these documents, or transcripts or abstracts of them, and if they truly
underpin the pedigrees. You may just have a slight problem in reaching
that underpinning!
I have had to throw out one pedigree that is still in the latest Burke's
Scottish Landed Gentry and for which no evidence can be found today. I
have asked the family about it and they just assert that it is their
pedigree, full stop.
--
             For a miscellany of bygones: http://powys.org/
This is really useful. I am re-visiting the Disney lineage (Great Granny was born within the direct line), starting with Lambert and of course Burkes (Landed Gentry) and taking Burkes as gospel, nothing really makes sense when matched with other resources (apart from those that in turn rely on Burkes). By using Burkes as no more than an indication, while the "Of Isigny" line might start with him in England, His son Jocelyn (AKA John) was the chap at Hastings and Norton Disney, was almost certainly just "Norton" until the 12th or 13th century.
If you doubt you can rely on a source you should not really use it for even an outline, but in any case if you want to do it carefully you should look for "red flags". Common ones are 1. People who supposedly used several names. This did really happen sometimes, but it is most often caused by wishful thinking. Jocelyn and John are completely different names, and in fact John was a relatively unusual name in 1066. 2. Claims that someone was at Hastings. There are actually very few people who were definitely known to have been at Hastings. See https://en.wikipedia.org/wiki/Companions_of_William_the_Conqueror
Leo van de Pas
2007-01-01 22:11:58 UTC
Reply
Permalink
I didn't go any further as I presumed you wanted the early generations.
Best wishes
Leo

----- Original Message -----
From: "Murray Lynn" <***@paradise.net.nz>
To: "Leo van de Pas" <***@netspeed.com.au>
Cc: <gen-***@rootsweb.com>
Sent: Tuesday, January 02, 2007 9:08 AM
Subject: Re: Domesday book, Joscelin
Post by Murray Lynn
Hi Leo
Thanks very much for this - at least part of the story is feasible!
Kind Regards
Murray
Post by Leo van de Pas
Burke's Peerage 1999 page 2431 gives the line of the Earls of Roden, the
first generations are not very detailed.
James Jocelyn, of Essex
father of
Henry Jocelyn married Jane daughter and heiress of William Chastelyn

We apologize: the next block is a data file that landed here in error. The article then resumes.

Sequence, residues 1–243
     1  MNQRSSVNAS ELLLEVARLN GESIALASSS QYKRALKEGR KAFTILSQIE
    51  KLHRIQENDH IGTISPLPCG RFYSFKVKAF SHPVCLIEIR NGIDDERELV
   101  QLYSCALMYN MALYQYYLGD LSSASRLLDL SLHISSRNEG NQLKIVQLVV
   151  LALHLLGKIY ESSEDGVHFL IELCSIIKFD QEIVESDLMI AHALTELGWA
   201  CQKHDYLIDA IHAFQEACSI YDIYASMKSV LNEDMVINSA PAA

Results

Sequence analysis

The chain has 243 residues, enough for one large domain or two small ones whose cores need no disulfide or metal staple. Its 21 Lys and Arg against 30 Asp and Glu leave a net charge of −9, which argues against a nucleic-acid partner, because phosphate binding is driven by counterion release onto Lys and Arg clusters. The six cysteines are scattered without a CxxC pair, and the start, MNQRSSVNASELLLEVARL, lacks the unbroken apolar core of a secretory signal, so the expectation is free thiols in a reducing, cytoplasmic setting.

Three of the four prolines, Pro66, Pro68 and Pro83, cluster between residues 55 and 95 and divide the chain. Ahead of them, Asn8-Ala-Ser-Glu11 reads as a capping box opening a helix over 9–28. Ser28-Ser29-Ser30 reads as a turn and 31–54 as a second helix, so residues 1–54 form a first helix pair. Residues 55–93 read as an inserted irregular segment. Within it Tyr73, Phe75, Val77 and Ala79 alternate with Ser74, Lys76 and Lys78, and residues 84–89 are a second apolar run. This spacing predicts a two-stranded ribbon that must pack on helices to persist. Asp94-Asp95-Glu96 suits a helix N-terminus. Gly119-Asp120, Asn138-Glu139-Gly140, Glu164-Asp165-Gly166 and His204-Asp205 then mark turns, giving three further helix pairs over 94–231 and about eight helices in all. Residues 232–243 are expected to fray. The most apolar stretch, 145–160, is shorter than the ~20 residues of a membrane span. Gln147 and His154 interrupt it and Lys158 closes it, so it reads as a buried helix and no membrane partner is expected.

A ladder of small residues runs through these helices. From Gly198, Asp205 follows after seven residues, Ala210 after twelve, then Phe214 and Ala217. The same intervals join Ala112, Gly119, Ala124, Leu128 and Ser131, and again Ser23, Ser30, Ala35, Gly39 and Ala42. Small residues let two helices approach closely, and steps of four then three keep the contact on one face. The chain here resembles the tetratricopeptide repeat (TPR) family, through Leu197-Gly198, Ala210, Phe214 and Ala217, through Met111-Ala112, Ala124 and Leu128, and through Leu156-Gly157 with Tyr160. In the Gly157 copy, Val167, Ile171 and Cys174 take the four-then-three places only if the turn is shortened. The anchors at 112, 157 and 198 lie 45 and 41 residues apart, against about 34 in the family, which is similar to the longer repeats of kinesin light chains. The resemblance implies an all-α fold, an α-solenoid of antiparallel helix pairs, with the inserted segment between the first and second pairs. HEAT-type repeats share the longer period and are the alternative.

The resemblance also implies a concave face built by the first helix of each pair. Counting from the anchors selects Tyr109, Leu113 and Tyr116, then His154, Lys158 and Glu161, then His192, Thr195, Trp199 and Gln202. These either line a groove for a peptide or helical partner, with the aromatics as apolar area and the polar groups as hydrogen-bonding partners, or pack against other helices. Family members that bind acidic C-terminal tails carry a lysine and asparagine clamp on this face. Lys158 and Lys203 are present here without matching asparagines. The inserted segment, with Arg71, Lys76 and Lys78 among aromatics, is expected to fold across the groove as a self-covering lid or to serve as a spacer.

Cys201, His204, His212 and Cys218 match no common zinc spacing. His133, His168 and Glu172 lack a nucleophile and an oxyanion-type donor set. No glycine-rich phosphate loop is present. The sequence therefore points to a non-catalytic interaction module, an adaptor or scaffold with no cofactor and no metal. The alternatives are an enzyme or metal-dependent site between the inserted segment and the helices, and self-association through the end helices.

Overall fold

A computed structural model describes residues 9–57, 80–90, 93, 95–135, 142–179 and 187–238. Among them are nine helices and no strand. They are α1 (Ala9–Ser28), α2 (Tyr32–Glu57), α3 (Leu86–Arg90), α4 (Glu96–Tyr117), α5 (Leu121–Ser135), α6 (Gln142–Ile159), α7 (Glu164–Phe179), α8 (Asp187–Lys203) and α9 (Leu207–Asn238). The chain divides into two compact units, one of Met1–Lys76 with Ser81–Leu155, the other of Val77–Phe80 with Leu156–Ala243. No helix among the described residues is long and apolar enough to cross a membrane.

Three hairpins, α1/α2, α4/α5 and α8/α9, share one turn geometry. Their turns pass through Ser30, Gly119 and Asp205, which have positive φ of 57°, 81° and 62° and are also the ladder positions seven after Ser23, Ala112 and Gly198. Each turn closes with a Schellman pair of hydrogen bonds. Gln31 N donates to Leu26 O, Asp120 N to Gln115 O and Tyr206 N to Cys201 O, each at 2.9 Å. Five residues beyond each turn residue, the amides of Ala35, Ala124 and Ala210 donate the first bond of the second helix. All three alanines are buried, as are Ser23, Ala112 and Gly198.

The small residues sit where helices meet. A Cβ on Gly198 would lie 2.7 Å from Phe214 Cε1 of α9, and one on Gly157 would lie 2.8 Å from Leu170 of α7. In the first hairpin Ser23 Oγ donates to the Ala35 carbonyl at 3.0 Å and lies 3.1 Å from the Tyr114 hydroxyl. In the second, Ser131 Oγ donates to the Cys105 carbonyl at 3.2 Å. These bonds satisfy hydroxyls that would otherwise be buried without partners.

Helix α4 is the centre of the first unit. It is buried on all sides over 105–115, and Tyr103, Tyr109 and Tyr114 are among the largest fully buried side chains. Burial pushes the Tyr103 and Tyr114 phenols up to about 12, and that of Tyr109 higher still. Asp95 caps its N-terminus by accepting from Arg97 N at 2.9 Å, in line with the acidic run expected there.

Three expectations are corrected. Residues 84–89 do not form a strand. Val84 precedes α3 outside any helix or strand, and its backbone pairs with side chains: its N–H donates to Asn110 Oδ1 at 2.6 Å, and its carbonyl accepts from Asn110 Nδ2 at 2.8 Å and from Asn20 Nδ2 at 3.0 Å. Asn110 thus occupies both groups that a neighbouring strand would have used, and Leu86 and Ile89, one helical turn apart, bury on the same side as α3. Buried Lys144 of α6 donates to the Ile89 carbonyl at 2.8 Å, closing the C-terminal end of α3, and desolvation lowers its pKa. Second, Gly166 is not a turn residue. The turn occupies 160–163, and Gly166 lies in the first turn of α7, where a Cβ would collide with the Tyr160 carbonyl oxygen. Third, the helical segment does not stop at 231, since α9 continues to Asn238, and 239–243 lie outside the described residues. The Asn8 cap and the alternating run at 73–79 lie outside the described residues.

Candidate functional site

parents of
Ralph Jocelyn, living circa 1204, married Beatrix
parents of
John Jocelyn
and so on.
With best wishes
Leo van de Pas
Sent: Monday, January 01, 2007 4:42 PM
Subject: Re: Domesday book, Joscelin
Post by Murray Lynn
Hi Tim
Ok - now you're getting me worried - but I must admit to having had some
doubts in my own mind over this era for some time and your arguments are
more convincing than my sources!
The information that I have summarised is widely printed in 19th C
histories of the Earls of Roden, for example"Debrett's Peerage of
England, Scotland, and Ireland" - eg the 1820 edition, but I have to
agree that the supporting evidence is all but non-existent.
It is also widely reported in Joscelin circles - there have been several
books written on the family - and so I think my next step is to go back
to the Joscelin Society and put your points to them.
What do you think of the next generations - see
http://homepages.paradise.net.nz/mlynn/16_Josselyn/FT_Josselyn_29_14.html
- through to the 15th C, which unfortunately largely comes from similar
tertiary sources?
Kind Regards
Murray
Post by Tim Powys-Lybbe
Post by Murray Lynn
Hi Paul & Tim
Thanks very much for the leads. While the Joscelin (and other
spellings) family appear to have been well researched by a number of
people, I am beginning to think that this particular connection to
Lambert is incorrect.
Lambert I = Gerberga
Their son Egidius Joscelin, "Count of Joscelin in Brittany", who was
in England with Edward the Confessor and who appears to have had land
in Sempringham pre 1066 (from a court case involving Sir Gilbert, St
Gilbert, Gilbert of Ghent and possibly Alfred of Lincoln re the land
that the Priory at Sempringham was built on).
His son Sir Gilbert Joscelin who is almost certainly "Joscelin, man of
Alfred of Lincoln" in the Domesday Book and who married the daughter of
a Saxon
I simply don't believe this. Keats-Rohan does not even hint at it in
her Domesday People. Further, while there were knights (armoured men on
horses with a body of assistants) around, they were not called 'Sir'
then, that came much later.
Post by Murray Lynn
Their sons, (Saint) Gilbert of Sempringham and Geoffry or Egidius
Keats-Rohan says Gozelin's children were Gilbert of Sempringham, Roger
and Agnes. Agnes by 1166 was the heir to Gozelin; in other words the
lines of the sons had died out. What is the evidence for Geoffrey as a
son of Gozelin?
Keats-Rohan refers to an early book of Gilbert's life published as "The
Book of St Gilbert", edited and translated by R. Foreville and G. Keir,
Oxford 1987, page 10. If you want to disagree with her findings, you
should have a look at that book.
Post by Murray Lynn
The descendants of Geoffry, included the Earls of Roden and are
concentrated in Essex and Suffolk.
And if Geoffrey was an invention?
Post by Murray Lynn
Because of the fame of Gilbert, there is some contemporary
documentation which fits in with the Domesday Book records and so the
story from Egidius down seems reasonably safe.
Not according to Keats-Rohan, unless the FMG site of DP/DD corrections
has anything to say on the matter: http://fmg.ac/ (Just checked, there
aren't.)
Post by Murray Lynn
I suspect that someone has picked up the name of "Joscelyn de
Louvaine" GGGS of Lambert I and because of the common name has jumped
to conclusions!
Agreed.